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IndustryTackling Food Industry Challenges Outside of the Classroom

Have you ever wondered how new types of food and flavour combinations are created (think cronuts, cauliflower pizza crusts and zoodles)?

Most of these inventions have come to life thanks to chefs or food enthusiasts experimenting in their kitchens. And while it’s evident that creativity is the primary determinant of success in these cases, having a structured approach to experimentation is equally as important.

Getting methodical about their creativity is exactly what our Bachelor Culinary Arts Academy students learn in their ‘Food Development Project’ class delivered in partnership with MANE, a leading fragrance and flavour company. Under the guidance of MANE industry experts, each student was tasked to develop their own solution to a specific food challenge proposed by MANE.

Bachelor Culinary Arts Academy - Food Development Project

Solving food industry challenges in partnership with MANE

The mutually beneficial relationship with MANE is a source of inspiration for MANE’s chefs and gives our students valuable exposure to the business aspects of developing new products.

Each semester, MANE, in collaboration with CAAS professors, prepares a brief specifying a new culinary challenge that represents a real business need for the company. One of the most industry-relevant projects so far has been the development of gluten-free sweet or savoury soft baked goods.

The gluten-free project kicked off with a visit to MANE Centre of Excellence where MANE chef Christian Lhomme presented the brief, the context and the challenges. Students took a tour of the MANE labs and kitchen where the chefs presented gluten-free products that already exist on the market today.

Gluten-free market and its challenges

The gluten-free market, which mainly includes baked products such as bread, cake, pizza, pasta, cereals, and snacks, has been increasing dramatically in the recent years. This trend is based on a growing number of people diagnosed with celiac disease and gluten intolerance, as well as consumers following fashionable nutritional trends.

Bachelor Culinary Arts Academy - Food Development Project

Gluten is the main protein source in wheat, rye, barley and oats. It is the ingredient that gives baked goods their elasticity and fluffiness, so its replacement represents a major technological challenge. It is this challenge that CAAS students were entrusted to tackle by creating their own gluten-free recipes that would taste and look as good as gluten-containing products and keep their elasticity, moisture and taste during storage.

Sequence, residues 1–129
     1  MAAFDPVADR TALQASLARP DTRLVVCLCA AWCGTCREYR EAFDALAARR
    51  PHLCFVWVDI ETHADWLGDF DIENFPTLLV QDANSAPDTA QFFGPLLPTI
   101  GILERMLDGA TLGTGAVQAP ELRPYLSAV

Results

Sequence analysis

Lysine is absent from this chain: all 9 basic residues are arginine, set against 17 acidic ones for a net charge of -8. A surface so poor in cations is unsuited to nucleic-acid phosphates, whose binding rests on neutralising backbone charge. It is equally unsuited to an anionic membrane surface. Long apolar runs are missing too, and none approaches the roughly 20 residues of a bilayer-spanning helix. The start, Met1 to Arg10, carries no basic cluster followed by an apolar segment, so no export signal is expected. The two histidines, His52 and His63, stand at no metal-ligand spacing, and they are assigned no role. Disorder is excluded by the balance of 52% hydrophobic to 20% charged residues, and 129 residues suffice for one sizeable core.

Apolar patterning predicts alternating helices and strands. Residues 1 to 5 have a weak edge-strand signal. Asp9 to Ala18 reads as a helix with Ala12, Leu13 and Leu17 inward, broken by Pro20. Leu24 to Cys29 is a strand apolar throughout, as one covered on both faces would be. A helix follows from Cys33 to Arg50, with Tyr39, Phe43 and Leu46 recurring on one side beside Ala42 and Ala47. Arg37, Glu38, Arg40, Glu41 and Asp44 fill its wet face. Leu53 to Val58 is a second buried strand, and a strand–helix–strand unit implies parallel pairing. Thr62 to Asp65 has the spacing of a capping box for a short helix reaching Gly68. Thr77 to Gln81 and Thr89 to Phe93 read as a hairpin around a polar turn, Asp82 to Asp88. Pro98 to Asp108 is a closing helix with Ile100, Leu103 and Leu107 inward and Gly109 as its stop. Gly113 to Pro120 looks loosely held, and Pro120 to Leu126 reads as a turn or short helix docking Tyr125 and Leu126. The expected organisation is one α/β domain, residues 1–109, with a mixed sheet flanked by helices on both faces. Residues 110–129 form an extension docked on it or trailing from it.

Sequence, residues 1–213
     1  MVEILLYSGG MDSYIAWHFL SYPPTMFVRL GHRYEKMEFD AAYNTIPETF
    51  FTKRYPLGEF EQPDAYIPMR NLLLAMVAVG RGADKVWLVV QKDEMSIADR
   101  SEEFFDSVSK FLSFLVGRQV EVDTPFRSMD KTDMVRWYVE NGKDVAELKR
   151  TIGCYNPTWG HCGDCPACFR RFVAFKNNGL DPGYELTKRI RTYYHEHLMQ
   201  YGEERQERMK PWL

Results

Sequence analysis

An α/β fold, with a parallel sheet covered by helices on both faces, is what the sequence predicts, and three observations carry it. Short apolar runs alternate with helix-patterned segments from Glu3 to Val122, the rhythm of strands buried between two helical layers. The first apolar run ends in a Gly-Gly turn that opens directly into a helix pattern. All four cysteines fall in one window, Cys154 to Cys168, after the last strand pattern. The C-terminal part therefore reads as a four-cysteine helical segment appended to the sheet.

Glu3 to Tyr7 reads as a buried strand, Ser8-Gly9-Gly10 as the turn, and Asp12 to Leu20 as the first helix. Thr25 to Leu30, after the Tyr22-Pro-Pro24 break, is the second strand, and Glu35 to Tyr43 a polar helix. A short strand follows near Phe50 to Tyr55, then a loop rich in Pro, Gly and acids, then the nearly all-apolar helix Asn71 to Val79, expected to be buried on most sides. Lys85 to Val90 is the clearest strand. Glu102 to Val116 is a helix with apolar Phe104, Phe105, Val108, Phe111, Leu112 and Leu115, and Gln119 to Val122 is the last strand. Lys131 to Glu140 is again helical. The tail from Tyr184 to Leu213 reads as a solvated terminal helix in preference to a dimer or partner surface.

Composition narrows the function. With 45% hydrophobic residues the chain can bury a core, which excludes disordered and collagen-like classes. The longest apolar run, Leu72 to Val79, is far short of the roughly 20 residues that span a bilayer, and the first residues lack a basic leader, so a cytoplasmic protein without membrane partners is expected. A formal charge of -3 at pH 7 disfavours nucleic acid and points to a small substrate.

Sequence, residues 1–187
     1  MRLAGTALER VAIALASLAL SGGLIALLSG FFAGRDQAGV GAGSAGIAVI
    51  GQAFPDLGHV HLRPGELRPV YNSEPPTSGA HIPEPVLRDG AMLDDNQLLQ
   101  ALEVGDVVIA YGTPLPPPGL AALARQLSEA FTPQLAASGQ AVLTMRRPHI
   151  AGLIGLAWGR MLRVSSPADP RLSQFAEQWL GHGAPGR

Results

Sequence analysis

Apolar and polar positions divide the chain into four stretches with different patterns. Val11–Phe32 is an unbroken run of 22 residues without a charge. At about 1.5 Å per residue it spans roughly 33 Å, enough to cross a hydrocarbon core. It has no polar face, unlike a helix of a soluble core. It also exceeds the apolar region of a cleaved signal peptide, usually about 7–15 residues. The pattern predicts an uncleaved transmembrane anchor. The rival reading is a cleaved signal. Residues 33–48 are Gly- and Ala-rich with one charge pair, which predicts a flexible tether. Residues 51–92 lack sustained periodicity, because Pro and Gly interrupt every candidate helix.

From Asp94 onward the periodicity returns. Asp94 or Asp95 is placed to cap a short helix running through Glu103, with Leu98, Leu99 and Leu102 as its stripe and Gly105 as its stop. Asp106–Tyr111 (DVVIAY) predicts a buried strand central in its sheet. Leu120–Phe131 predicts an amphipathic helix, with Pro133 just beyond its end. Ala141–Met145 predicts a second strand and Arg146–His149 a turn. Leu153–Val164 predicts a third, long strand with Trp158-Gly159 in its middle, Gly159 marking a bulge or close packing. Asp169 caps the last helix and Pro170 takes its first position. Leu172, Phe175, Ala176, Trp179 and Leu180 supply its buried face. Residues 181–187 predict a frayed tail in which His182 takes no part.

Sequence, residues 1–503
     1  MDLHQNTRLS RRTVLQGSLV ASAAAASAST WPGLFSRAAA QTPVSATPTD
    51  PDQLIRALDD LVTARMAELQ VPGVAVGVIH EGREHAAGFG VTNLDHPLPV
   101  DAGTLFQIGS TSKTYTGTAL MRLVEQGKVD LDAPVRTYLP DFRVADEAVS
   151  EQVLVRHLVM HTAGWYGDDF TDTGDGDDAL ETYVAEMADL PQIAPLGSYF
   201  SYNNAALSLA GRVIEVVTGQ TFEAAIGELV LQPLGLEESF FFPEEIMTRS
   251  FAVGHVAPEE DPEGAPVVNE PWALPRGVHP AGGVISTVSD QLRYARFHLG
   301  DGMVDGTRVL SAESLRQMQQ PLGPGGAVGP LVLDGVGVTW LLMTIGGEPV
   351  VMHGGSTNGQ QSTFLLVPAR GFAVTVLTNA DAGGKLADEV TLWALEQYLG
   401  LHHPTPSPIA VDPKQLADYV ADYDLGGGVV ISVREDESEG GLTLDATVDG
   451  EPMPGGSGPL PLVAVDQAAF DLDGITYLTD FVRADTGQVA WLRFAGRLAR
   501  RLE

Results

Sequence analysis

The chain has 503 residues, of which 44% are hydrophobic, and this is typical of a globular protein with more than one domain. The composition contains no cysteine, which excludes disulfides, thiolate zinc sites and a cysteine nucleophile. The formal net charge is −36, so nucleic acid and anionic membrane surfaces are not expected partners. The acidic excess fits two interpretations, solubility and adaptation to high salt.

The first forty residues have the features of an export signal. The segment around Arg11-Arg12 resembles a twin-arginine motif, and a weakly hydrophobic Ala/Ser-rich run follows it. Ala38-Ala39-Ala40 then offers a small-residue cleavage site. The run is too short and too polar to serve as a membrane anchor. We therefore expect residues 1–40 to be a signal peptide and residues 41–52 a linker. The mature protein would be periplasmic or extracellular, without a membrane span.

Invaluable leaning experience and industry exposure

Students had four attempts to perfect their recipe following a specific development process under the supervision of a chef instructor. They started off by researching alternative gluten-free ingredients that would provide pleasant taste, high nutritional value and the right structure. Their creations were then tasted by their classmates, whose feedback was formally recorded.

Following the last attempt, the recipe was finalised and evaluated by a joint expert tasting panel from MANE and Culinary Arts Academy, and 4 winners were chosen based on the taste, presentation and consistency of their products. To solidify their learning, especially in the areas of market research and product marketing, students submitted a final assignment, a 10-minute video about their product.

One of the winners, Madhav Dayal, created a combination of sweet and savoury doughnuts to cater to different target markets: a classic sugar and cinnamon version for children and a maple and bacon glazed version for adults. Madhav experimented with his own gluten-free flour by mixing almond meal, tapioca starch, corn starch and rice flour with guar gum, a binding agent derived from the locust bean gum.

Bachelor Culinary Arts Academy - Food Development Project

When asked about his highlights from the ‘Food Development Project’ course, Madhav said:

Visiting the MANE kitchen and research centre was a great learning experience. We discovered the other side of the food industry, how products are conceptualised and developed. We also learnt about encapsulation of flavours, how rotor machines extract essences and how different substances are derived from plants.

All in all, it was an enriching experience for all parties involved. It gave the students a unique exposure to the inner workings of the food industry, while providing MANE with viable innovative product ideas viable for further commercialization.

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